In this talk we first introduce a new "singularity-free" approach&nbsp;to the proof of Seidel's long exact sequence, including the fixed-point&nbsp;version. This conveniently generalizes to Dehn twists along Lagrangian&nbsp;submanifolds which are rank one symmetric spaces and their covers,&nbsp;including RPn and CPn, matching a mirror prediction due to Huybrechts and&nbsp;Thomas. The idea of the proof can be interpreted as a "mirror" of the&nbsp;construction in algebraic geometry, realized by a new surgery and cobordism&nbsp;construction. &nbsp;This is a joint work with Cheuk-Yu Mak.

Monday, August 22, 2016 - 14:05 , Location: Skiles 006 , Rebecca Winarski , University of Wisconsin at Milwaukee , Organizer: Dan Margalit
Birman and Hilden ask: given finite branched cover X over the 2-sphere, does every homeomorphism of the sphere lift to a homeomorphism of X?  For covers of degree 2, the answer is yes, but the answer is sometimes yes and sometimes no for higher degree covers.  In joint work with Ghaswala, we completely answer the question for cyclic branched covers.  When the answer is yes, there is an embedding of the mapping class group of the sphere into a finite quotient of the mapping class group of X.  In a family where the answer is no, we find a presentation for the group of isotopy classes of homeomorphisms of the sphere that do lift, which is a finite index subgroup of the mapping class group of the sphere.  Our family introduces new examples of orbifold Picard groups of subloci of Teichmuller space that are finitely generated but not cyclic.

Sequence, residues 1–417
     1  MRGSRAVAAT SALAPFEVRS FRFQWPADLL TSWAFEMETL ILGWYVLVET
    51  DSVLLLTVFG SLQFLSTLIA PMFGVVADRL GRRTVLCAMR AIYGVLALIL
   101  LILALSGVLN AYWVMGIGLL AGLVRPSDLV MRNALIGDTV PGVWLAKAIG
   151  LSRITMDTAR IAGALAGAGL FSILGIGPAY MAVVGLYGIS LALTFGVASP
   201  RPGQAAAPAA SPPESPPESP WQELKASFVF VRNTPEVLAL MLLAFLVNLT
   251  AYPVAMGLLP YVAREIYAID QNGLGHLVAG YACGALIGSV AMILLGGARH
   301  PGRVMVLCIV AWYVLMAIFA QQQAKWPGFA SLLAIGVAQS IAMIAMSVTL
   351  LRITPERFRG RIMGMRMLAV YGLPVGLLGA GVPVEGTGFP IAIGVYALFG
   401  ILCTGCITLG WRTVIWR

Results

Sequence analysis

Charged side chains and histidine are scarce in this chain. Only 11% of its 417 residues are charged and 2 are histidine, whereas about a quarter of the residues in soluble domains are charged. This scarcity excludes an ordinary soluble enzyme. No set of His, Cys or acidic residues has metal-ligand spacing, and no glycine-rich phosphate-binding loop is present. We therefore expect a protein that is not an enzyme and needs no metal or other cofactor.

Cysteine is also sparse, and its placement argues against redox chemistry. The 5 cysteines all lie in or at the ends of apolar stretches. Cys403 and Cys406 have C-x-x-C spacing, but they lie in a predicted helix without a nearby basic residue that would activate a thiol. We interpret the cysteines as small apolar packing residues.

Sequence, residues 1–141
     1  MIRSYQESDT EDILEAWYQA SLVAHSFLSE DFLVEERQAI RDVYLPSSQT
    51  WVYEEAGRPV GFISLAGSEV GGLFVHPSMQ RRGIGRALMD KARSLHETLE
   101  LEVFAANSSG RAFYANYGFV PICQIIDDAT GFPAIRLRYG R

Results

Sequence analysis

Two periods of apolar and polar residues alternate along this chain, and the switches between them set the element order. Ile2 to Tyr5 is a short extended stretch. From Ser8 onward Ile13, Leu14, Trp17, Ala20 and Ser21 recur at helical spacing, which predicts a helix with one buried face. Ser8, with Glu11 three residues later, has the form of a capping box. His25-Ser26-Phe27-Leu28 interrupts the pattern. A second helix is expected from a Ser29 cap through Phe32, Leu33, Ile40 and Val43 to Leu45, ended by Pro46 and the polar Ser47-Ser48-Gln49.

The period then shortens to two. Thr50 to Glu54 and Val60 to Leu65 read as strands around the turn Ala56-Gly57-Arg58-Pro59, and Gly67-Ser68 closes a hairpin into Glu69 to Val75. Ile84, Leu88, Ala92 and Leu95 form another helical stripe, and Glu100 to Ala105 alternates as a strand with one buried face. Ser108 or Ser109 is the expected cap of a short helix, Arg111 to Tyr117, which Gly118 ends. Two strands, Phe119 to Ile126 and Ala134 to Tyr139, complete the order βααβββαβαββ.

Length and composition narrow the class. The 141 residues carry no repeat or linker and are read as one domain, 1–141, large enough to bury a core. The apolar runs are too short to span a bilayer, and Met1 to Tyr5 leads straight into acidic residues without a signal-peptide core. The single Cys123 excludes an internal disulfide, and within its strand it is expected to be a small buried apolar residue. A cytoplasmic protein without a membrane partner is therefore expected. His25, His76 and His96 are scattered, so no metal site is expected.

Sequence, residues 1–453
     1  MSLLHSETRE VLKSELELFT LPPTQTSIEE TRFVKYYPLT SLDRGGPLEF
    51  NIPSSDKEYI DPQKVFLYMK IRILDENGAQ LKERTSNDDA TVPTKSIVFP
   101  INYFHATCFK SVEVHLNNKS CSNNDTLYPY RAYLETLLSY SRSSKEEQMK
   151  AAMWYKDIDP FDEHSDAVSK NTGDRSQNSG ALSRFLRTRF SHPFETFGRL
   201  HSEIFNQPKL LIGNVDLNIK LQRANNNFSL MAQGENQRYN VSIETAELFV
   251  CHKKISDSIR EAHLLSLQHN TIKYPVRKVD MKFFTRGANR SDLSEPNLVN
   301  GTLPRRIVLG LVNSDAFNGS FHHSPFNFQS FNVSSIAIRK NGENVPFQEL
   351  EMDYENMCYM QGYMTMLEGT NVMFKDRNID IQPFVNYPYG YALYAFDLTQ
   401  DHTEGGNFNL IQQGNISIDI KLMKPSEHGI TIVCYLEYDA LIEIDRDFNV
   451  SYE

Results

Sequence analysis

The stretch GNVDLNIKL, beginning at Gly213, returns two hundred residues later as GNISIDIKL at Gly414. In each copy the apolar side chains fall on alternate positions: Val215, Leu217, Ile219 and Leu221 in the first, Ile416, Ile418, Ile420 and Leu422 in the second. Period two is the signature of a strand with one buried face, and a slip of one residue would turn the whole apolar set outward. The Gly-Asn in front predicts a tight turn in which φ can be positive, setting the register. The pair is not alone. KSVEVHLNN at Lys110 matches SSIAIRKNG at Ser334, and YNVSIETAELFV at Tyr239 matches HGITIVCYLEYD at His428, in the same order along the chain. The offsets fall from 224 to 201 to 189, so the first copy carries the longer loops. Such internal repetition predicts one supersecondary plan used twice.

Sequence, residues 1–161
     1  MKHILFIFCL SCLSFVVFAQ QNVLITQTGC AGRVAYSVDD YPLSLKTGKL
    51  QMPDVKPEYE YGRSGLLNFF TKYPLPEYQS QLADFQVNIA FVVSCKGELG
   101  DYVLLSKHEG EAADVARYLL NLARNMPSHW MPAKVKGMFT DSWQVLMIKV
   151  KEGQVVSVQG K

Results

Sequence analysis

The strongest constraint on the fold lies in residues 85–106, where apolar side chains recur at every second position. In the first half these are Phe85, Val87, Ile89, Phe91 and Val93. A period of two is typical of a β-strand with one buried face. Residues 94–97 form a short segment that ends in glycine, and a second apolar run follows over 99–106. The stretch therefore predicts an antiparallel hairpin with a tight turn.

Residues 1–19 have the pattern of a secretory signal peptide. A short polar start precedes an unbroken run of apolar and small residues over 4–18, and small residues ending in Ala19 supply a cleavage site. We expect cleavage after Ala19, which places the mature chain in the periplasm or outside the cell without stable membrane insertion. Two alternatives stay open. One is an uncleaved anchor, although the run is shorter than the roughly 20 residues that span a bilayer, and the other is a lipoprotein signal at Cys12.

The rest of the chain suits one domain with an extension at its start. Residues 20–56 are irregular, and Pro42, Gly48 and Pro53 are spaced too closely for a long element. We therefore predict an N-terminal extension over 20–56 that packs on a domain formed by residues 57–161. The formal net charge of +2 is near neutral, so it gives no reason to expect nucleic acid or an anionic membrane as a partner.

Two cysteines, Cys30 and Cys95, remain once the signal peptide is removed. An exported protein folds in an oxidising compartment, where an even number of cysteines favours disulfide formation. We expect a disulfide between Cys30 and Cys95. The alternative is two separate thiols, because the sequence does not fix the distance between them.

Thursday, June 23, 2016 - 14:00 , Location: Skiles 005 , Yajing Liu , UCLA , Organizer: John Etnyre
Existence of tight contact structures is a fundamental question of contact topology. Etnyre and Honda first gave the example which doesn't admit any tight structure. The existence of fillable tight structures is also a subtle question. Here we give some new examples of hyperbolic 3-manifolds which do not admit any fillable structures.
Monday, June 6, 2016 - 14:05 , Location: Skiles 114 , , University of Maryland , , Organizer: Stavros Garoufalidis
We discuss the higher Teichmuller space A_{G,S} defined by Fockand Goncharov. This space is defined for a punctured surface S withnegative Euler characteristic, and a semisimple, simply connected Lie groupG. There is a birational atlas on A_{G,S} with a chart for each idealtriangulation of S. Fock and Goncharov showed that the transition functionsare positive, i.e. subtraction-free rational functions. We will show thatwhen G has rank 2, the transition functions are given by explicit quivermutations.
Tuesday, May 31, 2016 - 14:00 , Location: Skiles 006 , Caitlin Leverson , Duke University , Organizer: John Etnyre
Given a plane field $dz-xdy$ in $\mathbb{R}^3$. A Legendrian knot is a knot which at every point is tangent to the plane at that point. One can similarly define a Legendrian knot in any contact 3-manifold (manifold with a plane field satisfying some conditions). In this talk, we will explore Legendrian knots in $\mathbb{R}^3$, $J^1(S^1)$, and $\#^k(S^1\times S^2)$ as well as a few Legendrian knot invariants. We will also look at the relationships between a few of these knot invariants. No knowledge of Legendrian knots will be assumed though some knowledge of basic knot theory would be useful.